The MoFo Top 100 of the 2010s Countdown

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I despise musicals. It's my least favorite genre without question. I've heard lots of wonderful things about this particular musical, but have still avoided it. Watching that trailer just now, I am quite sure that La La Land would not be an exception to the "I hate musicals" rule. No matter who voted for it and where they ranked it, I'm not watching this.

LaLa Land is my number 6. Chazelle may be my director of the decade. Certainly in my top few young directors. The first two songs of LaLa really had me thinking I was not going to enjoy, but the story, characterizations, and rest of the music more than won me over. I since have come to enjoy those first two songs and I rewatch LaLa as much as I rewatch any movie the last few years. It’s absolutely spectacular, glad to see it this high, and probably should have had it even higher on my list.

Professional horse shoe straightener
Chazelle may be my director of the decade.
Really? Wow.

I expect many would go for Villeneuve. I'd probably vote Celine Sciamma, Almodovar or Kore-eda

A system of cells interlinked
I didn't get a chance to see La La Land until after ballot submission. It was not long after I started the film that my wife exited the room, so I ended up watching it alone. She claims to hate musicals, but of course has several exceptions that she adores, such as The Wizard of Oz, Annie, Xanadu, and a few of the Disney and Pixar films. Sadly, the jazz music focus of this particular musical was too much for her, and off she went. There is actually a scene in the movie that specifically addresses people that say they hate jazz, so it's kind of funny she bailed before seeing that.

Anyway, I loved La La Land. I understand the complaints of the two lead's voices not being big and powerful, but in this particular case, it doesn't matter. Their singing is adequate, and the music and set pieces are all top notch, especially the sequences in the planetarium and on the pier at twilight, which I rewound and watched several times. I'd like to say I would have included this on my ballot if I had seen it in time, but I think I would have second guessed myself and left it off with some offhand comment about my viewing being too recent for a best of the decade list. Just know that I adore the film, will watch it again, and it has a real chance of becoming a favorite musical for me.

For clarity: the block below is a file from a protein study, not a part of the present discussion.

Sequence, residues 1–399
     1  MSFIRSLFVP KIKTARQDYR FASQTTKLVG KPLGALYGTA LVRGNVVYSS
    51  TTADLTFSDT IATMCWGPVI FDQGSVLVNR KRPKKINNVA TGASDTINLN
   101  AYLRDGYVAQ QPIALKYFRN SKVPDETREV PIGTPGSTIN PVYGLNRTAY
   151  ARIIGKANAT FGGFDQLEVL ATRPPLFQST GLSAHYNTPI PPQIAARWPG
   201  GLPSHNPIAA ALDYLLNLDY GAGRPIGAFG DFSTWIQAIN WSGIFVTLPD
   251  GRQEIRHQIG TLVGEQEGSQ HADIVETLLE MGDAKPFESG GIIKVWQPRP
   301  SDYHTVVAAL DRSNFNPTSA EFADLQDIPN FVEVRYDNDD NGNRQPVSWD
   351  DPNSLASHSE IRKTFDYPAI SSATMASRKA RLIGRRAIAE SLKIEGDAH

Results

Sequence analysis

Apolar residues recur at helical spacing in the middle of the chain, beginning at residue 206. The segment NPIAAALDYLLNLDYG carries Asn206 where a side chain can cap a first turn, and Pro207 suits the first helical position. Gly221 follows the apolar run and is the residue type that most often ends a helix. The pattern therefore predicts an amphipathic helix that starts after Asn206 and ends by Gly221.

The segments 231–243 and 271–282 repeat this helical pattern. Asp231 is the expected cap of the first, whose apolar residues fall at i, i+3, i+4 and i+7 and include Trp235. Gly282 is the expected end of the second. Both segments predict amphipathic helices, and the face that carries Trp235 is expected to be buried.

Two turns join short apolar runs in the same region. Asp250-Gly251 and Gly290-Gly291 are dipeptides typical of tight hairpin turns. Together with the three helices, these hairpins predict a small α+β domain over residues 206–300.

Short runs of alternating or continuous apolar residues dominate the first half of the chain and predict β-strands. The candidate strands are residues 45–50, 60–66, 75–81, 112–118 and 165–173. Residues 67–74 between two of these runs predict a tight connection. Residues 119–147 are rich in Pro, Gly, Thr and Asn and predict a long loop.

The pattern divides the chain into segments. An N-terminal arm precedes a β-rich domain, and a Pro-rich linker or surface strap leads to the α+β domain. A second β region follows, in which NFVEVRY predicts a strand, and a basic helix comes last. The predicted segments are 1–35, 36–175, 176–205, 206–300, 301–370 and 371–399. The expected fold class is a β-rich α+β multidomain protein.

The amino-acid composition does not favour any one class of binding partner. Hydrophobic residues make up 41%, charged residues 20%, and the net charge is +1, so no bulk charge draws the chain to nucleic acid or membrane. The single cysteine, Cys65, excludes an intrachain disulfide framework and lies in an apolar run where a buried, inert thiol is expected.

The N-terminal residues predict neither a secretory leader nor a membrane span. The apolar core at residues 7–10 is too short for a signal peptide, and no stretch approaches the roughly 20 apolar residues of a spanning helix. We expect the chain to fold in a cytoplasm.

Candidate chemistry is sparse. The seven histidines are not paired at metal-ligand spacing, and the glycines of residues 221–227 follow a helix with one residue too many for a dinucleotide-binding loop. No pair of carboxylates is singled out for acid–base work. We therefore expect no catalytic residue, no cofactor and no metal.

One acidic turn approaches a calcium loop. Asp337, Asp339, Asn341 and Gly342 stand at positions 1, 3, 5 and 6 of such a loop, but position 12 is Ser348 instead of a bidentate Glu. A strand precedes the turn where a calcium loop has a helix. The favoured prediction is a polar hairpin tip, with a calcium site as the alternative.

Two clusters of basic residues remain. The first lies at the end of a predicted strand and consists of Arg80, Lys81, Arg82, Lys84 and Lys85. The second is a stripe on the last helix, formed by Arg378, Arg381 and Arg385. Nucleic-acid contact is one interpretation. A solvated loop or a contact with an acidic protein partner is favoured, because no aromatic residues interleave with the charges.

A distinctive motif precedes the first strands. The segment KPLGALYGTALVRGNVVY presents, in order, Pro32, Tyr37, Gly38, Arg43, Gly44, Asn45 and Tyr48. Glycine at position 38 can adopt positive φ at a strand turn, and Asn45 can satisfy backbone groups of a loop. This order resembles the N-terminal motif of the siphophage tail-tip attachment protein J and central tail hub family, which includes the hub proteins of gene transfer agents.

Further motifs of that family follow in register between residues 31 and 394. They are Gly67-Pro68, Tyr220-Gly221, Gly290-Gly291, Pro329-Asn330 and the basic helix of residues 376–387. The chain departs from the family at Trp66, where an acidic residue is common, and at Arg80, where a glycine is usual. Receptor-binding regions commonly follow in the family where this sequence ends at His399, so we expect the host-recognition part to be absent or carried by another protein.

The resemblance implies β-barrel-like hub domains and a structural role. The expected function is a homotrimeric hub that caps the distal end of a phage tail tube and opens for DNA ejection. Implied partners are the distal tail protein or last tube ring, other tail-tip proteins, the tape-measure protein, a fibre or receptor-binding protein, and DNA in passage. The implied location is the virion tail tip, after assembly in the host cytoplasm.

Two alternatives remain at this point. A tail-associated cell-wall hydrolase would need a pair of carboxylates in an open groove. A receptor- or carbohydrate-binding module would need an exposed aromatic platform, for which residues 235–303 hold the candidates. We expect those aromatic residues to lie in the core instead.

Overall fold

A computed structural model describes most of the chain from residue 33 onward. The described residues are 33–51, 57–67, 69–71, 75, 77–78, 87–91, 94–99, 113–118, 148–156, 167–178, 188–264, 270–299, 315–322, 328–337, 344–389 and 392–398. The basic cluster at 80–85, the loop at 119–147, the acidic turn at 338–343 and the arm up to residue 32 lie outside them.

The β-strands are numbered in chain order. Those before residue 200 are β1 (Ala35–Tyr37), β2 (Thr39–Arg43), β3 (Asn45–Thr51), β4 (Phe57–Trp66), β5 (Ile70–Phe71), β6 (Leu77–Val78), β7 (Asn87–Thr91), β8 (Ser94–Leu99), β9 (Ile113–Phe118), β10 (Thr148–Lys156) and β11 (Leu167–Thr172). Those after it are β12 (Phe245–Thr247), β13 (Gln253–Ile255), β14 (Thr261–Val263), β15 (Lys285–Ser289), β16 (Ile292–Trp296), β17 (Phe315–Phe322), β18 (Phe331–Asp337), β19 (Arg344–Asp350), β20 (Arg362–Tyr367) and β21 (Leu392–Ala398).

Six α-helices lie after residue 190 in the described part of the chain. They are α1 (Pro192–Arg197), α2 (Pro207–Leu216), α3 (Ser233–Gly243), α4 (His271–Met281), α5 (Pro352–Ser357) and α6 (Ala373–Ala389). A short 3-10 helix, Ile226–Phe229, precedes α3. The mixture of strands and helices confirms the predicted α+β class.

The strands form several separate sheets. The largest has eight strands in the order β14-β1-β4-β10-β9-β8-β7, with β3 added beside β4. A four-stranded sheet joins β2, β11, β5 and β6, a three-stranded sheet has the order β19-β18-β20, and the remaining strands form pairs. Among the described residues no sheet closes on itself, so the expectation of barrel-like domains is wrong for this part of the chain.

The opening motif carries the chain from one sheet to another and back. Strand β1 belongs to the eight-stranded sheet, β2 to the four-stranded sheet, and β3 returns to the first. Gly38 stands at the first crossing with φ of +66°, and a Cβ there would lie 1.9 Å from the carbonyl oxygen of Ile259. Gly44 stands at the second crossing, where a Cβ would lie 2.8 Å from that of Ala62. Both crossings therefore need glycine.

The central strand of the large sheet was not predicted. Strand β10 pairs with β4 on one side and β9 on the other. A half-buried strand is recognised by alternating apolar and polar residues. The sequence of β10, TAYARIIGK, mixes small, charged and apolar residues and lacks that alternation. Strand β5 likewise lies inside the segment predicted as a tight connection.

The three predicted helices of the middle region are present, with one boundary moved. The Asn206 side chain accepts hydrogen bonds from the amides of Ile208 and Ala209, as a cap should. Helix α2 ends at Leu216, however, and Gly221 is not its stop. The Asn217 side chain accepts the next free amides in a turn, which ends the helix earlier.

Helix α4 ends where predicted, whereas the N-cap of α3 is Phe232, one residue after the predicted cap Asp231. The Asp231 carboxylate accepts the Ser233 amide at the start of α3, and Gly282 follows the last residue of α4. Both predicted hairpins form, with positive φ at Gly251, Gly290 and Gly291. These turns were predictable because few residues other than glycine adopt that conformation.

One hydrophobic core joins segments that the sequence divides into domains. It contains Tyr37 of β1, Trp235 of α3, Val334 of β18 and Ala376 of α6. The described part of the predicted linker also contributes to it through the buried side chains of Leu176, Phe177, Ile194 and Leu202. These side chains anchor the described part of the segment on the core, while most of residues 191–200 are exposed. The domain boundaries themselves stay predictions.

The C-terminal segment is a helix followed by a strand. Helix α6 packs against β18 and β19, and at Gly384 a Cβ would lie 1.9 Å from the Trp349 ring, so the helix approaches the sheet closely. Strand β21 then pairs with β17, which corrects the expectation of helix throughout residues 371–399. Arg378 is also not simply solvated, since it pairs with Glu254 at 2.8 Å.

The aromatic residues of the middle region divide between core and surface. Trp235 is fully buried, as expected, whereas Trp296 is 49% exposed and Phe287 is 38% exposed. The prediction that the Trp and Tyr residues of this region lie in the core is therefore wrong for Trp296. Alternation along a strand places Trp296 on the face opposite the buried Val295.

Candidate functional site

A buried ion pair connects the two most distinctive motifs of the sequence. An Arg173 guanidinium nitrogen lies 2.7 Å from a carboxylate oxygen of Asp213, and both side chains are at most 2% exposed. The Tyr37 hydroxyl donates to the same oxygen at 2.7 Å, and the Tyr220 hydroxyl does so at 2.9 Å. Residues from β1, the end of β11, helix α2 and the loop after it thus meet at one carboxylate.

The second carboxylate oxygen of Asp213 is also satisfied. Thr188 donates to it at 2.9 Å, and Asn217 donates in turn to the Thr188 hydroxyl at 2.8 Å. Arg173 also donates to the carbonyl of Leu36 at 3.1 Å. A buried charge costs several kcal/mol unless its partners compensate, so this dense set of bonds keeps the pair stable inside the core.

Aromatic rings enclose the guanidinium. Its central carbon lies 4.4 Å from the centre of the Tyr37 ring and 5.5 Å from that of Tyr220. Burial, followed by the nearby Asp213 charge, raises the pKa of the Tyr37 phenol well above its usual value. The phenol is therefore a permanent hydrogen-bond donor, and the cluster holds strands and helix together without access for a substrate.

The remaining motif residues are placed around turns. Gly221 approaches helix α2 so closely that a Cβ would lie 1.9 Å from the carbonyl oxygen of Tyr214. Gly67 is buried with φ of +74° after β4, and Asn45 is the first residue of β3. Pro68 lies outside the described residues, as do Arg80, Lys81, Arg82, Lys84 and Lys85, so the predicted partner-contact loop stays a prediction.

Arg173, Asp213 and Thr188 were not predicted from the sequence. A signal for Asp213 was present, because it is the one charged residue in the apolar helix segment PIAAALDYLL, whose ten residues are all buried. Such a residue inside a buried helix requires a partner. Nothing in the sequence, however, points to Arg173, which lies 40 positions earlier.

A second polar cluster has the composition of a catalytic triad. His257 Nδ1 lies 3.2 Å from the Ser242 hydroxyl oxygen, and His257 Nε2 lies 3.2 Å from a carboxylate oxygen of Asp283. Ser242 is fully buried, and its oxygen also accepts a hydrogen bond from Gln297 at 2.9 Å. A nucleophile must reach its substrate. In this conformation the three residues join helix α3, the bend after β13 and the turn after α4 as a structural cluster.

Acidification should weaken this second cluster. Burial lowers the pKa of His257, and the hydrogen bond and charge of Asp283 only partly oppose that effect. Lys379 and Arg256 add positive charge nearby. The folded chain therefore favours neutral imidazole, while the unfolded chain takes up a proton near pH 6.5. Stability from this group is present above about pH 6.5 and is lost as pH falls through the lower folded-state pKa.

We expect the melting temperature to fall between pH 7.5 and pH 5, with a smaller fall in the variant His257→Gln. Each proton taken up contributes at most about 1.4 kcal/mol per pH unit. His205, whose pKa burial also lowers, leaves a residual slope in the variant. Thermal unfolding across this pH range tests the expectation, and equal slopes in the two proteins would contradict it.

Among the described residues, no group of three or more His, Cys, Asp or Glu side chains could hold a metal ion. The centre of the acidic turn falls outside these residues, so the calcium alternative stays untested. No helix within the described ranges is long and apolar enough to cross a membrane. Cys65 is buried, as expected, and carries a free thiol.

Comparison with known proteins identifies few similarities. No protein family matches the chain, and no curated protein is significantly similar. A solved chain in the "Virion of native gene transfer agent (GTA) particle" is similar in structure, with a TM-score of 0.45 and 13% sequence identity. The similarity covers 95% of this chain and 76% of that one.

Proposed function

"There’s absolutely no doubt you can be slightly better tomorrow than you are today." - JBP

La La Land is kind of just whatever.

In spite of all its technical craft and ambition, I was ultimately left cold by it. Stone and Gosling had fine chemistry together, the cinematography was nice, and the music was good (even though the musical tracks got strangely less frequent as it went on). While the ending was an interesting concept though, it requires for you to feel a connection to Stone and Gosling's relationship to be fully moved by it. That wasn't there for me though as I didn't feel they were fleshed out enough. There were many scenes of them walking around LA and getting into various romantic vignettes together. There just weren't many scenes of them talking to each other and actually getting to know each other, thus getting me to feel a connection to them. Their characters needed more depth to them. Whiplash has similar a similar theme of "you need a pay a price for your dreams to come true", and it's definitely the better film by a pretty long shot. The characters are far more memorable in it. I also didn't care for the dancing sequences as the choreography felt quite unprofessional and could have been much better (the "Someone in the Crowd" sequence is a prime example of this). Badly choreographed dancing sequences can be just as bad as badly choreographed action sequences and this movie is a prime example of why that rings true.

Really? Wow.

I expect many would go for Villeneuve. I'd probably vote Celine Sciamma, Almodovar or Kore-eda
Looks like Chazelle, Lanthimos, Kore-eda, and PTA all had 3 movies on my yearly top tens. Of those Chazelle is definitely my most rewatched, with LALA and Whiplash being watched 4 times each.

I’m definitely more of a fan overall of PTA and Kore-eda, but as far as new directors on the scene. Pretty hard to beat Chazelle for me.